2019 Rx One Health Field Institute participant shares her experience in this “crash-course” in One Health
Applications for the 2020 Rx One Health Field Institute are now open! This four-week, field-based experiential summer program in East Africa offers career training for recent graduates or students in medical and veterinary school, as well as early-career health, agriculture, environmental sciences, and conservation professionals.
Led by the UC Davis One Health Institute with the UC Davis School of Medicine and a great team of international collaborators, Rx One Health develops participants’ skills for addressing complex challenges using the One Health approach, which recognizes that the health of people, animals, and their environments are inextricably linked. A sampling of the topics explored includes ecosystem dynamics, biodiversity conservation, epidemiology, infectious disease surveillance, food safety, and community and stakeholder engagement.
2019 Rx One Health participant and UC Davis School of Veterinary Medicine alumna Amanda Irish '10 shares her experience:
I had never seen such an enormous rat. Growing up in the U.S., you hear stories about prodigious New York City sewer rats but this was something else: the size of a small house cat and perched casually on its handler’s shoulder as if the most normal thing in the world.
After hearing about the amazing abilities of these rats and the scent detection training they receive at the nonprofit organization APOPO, I found it easy to see why they are called “hero” rats: they sniff out tuberculosis and landmines to save lives. Our visit to the APOPO training site at the Sokoine University of Agriculture in Morogoro, Tanzania demonstrated a unique partnership between humans and animals that perfectly exemplifies One Health’s collaborative approach to tackling major health issues.
Our time in Tanzania was filled with similar revelations about the interconnectedness of human and animal lives, along with the environment we all share. From the conflict between human and animal needs for water in Ruaha National Park to the problems of plastics pollution and ocean acidification on Mafia Island, Rx One Health was, in fact, a crash-course in all things One Health.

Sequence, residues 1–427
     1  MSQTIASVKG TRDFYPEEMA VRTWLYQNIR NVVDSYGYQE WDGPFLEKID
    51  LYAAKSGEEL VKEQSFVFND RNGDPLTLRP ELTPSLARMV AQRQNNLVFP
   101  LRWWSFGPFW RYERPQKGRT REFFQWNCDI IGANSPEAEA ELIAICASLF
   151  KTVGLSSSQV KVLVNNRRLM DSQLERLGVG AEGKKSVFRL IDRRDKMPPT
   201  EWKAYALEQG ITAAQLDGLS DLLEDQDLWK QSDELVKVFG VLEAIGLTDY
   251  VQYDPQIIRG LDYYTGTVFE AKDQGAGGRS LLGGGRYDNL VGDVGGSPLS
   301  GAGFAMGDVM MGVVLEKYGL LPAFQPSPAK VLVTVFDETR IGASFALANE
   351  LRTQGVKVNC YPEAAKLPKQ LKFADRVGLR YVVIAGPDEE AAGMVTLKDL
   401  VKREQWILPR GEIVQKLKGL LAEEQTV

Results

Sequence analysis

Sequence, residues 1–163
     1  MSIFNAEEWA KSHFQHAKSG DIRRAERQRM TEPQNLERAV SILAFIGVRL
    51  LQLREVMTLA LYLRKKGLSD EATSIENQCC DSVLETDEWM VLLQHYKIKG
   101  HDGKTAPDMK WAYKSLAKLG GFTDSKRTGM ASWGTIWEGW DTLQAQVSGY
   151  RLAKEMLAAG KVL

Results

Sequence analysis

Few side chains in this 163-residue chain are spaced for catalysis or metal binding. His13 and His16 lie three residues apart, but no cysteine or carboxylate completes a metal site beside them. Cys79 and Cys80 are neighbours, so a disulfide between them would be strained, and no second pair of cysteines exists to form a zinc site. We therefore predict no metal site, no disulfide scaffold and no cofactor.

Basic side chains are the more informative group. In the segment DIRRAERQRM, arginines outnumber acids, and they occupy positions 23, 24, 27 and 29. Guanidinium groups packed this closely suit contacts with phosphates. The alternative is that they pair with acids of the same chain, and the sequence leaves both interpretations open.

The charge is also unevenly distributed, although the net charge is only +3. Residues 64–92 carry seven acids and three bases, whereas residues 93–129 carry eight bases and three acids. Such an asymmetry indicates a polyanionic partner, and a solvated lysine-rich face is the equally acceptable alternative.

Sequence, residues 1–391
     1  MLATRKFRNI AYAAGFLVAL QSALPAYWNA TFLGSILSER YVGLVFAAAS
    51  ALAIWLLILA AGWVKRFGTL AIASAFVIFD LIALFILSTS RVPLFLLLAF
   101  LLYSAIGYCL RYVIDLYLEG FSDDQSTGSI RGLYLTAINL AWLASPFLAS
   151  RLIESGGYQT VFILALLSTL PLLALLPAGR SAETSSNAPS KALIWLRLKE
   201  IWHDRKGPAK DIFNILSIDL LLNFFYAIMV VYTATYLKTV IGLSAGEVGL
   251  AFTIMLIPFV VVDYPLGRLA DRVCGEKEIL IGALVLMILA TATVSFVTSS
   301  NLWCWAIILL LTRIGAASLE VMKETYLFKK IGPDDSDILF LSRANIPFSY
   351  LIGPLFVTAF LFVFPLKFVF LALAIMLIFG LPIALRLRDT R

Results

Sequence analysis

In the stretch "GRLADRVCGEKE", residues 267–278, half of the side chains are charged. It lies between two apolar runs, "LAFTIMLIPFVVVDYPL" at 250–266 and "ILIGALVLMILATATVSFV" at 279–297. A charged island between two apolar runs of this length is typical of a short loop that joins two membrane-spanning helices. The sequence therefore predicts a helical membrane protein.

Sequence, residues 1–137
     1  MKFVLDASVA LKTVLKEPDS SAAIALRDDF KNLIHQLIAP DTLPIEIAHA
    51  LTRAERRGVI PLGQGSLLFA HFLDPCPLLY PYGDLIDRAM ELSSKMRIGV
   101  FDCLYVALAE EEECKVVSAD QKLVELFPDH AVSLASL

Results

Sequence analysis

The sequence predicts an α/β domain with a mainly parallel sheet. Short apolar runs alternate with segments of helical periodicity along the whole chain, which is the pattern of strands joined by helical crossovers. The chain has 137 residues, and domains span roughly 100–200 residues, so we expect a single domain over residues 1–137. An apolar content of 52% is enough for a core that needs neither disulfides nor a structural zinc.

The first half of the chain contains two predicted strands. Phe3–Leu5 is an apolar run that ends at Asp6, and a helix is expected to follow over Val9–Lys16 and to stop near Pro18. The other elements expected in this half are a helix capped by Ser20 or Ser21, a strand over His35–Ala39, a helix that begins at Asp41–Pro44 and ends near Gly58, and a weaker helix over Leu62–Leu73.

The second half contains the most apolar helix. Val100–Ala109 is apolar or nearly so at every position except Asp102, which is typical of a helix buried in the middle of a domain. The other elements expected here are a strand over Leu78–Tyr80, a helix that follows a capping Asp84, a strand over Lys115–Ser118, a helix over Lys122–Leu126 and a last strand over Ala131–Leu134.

We gained practical, hands-on experience in animal sampling techniques and thought through how to prioritize infectious disease risk. Along the way, we were guided by enthusiastic faculty who took a genuine interest in us, and we formed close-knit friendships with fellow classmates.
I had embarked on the Rx One Health course hoping to achieve some clarity about my long-term career goals and interests. Having initially come from a veterinary background and then ending up in Master of Public Health (MPH) and PhD programs that are very human-focused, I felt I was losing sight of the big picture. I also wasn’t really sure about the nature or feasibility of a career in One Health.
I came away from my Rx One Health experience with an abundance of inspiration: so many examples of people thriving in One Health careers and ideas for where I may want to take my own career. I left with a better understanding of my career goals and interests—and how to get there.
Perhaps best of all, I carry with me the newly forged connections with others interested in One Health: a diverse array of classmates, faculty and others we met along the way.
And if I ever have need of a hero rat, I know where to find one!
Amanda Irish, DVM, MPH is currently a PhD candidate at UCSF. Her research and career interests include infectious disease epidemiology, particularly in emerging and vector-borne zoonotic diseases; spatial epidemiology; and climate change. Follow her on Twitter and LinkedIn.